Regeneron Talent Search Doles Out $1.8 Million in Awards to High School Scientists

Published: May 10, 2018 By

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Training the next generation of scientists is a key for the future of the biotech industry and Regeneron Pharmaceuticals is taking a lead in that responsibility through its sponsorship of the Regeneron Science Talent Search.

This year 18-year-old Benjy Firester won first place and $250,000 for developing a mathematical model that uses disease data to predict how weather patterns could spread spores of the late blight fungus, which was the cause of the Irish Potato Famine. The fungus is still responsible for billions of dollars in annual crop damages. The program used existing blight locations, date, time and detailed local weather data to model the likely routes by which late blight will spread and predict likely future infection sites. That model could benefit farmers who use shared data to assess blight risk and reduce the preemptive use of fungicide.

Firester was one of 40 finalists who competed in the nation’s oldest science and math competitions. Formerly known as the Westinghouse Science Talent Search, the program now sponsored by Tarrytown, N.Y.-based Regeneron is designed to engage and inspire the next generation of scientific leaders. The talent search awarded $1.8 million to the young scientists. To be an entrant in the Regeneron Science Talent Search, students must have completed an original research project and extensive application process. Students who undertake this process are recognized for their dedication to the pursuit of STEM fields.

Another teen STEM researcher, Isani Singh, also 18, dove into the genetic disorder called Turner Syndrome, an abnormality in which the second sex chromosome is missing. Singh determined that some of the women with the syndrome have some cells with two X chromosomes. Knowing that most embryos lacking the second X do not survive, Regeneron said Singh adapted a laboratory protocol to search for and find these normal cells in TS embryos. She also identified genes that are underexpressed in TS, a finding that may help physicians and patients better prepare for the variable medical complications of TS, Regeneron added. For her efforts, Singh won third place and $150,000.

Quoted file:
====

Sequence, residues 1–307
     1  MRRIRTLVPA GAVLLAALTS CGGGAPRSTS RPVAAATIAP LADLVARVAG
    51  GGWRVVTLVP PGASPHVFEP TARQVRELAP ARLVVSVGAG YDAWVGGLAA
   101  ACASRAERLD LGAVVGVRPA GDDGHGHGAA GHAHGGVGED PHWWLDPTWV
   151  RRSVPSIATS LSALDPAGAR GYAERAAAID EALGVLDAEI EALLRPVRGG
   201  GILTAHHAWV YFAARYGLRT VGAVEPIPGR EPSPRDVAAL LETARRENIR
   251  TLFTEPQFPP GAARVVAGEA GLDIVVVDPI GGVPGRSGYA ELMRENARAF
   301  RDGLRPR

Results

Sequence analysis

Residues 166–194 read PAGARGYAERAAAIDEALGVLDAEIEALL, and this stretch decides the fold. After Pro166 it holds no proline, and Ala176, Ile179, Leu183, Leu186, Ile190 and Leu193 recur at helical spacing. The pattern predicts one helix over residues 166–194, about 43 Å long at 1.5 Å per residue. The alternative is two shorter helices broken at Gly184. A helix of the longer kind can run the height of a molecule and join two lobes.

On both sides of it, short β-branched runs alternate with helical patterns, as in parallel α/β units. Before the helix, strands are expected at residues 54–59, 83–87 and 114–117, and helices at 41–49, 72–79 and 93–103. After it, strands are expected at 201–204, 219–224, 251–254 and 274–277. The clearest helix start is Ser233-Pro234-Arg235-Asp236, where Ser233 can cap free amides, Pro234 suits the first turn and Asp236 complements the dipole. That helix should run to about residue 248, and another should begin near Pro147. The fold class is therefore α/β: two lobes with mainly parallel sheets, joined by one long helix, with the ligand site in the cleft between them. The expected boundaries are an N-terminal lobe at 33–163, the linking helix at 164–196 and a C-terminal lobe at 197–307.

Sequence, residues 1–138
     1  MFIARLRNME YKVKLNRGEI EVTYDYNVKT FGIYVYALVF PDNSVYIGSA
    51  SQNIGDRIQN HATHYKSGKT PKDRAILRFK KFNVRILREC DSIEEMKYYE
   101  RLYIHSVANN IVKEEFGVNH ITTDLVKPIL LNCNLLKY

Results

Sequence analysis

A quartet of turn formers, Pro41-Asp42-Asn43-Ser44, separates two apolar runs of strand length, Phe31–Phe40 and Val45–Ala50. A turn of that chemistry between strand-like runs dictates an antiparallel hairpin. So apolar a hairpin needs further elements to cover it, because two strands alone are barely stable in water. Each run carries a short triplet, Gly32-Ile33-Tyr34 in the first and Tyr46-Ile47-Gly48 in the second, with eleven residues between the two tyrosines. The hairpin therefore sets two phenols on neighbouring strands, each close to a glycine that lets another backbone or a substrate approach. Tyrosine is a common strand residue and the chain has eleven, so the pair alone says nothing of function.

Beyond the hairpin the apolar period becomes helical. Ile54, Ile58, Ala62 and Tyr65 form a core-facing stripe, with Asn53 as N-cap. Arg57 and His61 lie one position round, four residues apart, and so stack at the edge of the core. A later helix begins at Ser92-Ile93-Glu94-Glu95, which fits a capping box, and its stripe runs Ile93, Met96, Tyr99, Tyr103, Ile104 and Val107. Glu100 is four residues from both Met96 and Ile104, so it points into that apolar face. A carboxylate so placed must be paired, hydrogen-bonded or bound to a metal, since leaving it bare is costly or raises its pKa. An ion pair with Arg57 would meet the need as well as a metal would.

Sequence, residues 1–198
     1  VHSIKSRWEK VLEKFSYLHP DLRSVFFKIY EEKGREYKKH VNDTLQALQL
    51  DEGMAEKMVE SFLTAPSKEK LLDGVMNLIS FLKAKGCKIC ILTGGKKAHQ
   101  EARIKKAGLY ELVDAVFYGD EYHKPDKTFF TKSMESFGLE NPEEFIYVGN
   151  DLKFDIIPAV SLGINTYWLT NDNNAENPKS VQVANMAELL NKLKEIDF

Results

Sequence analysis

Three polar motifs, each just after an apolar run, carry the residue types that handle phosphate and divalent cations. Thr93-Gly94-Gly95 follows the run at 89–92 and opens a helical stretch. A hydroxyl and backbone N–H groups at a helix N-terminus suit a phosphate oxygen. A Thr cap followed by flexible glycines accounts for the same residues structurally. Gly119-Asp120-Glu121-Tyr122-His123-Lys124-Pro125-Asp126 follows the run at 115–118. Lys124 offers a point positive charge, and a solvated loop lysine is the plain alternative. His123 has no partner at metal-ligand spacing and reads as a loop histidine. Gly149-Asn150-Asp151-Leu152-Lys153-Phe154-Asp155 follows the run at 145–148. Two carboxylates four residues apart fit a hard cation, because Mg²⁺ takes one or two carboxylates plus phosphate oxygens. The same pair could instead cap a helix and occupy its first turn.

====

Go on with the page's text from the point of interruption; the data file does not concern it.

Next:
This is the second year that Regeneron has sponsored the talent search, which has been ongoing since 1942. Some of the previous winners of the competition have gone on to win Nobel Prizes and invent groundbreaking new medical treatments. In fact, Regeneron was founded by a former winner of the talent search. George D. Yancopoulos, the founding scientists and chief scientific officer of Regeneron, won the competition in 1976.

“Being a winner in what was then the Westinghouse Science Talent Search changed my life and inspired me to devote my life to science. We hope the same for this year’s competitors, and that people of all ages will look to them as role models and be similarly inspired to change the world through science,” Yancopoulos said following the announcement of this year’s top three talent search winners.

In addition to the mathematical formula developed by Firester and Singh’s work with Turner Syndrome, other finalists’ projects included: an examination of the response of lung epithelial cells to fluids used in vaping and the creation of a smart bionic leg brace that bends the knee automatically as the wearer walks.

In all the talent search tapped 40 young people as finalists. Each of the finalists was awarded a minimum of $25,000 and the top 10 wards ranged from $40,000 to $250,000. The 40 finalists are from 31 schools in 15 states.

In 2017 Regeneron became only the third sponsor of this talent search. The company has committed to a 10-year and $100 million commitment to the competition, which includes an increase in the monetary awards.

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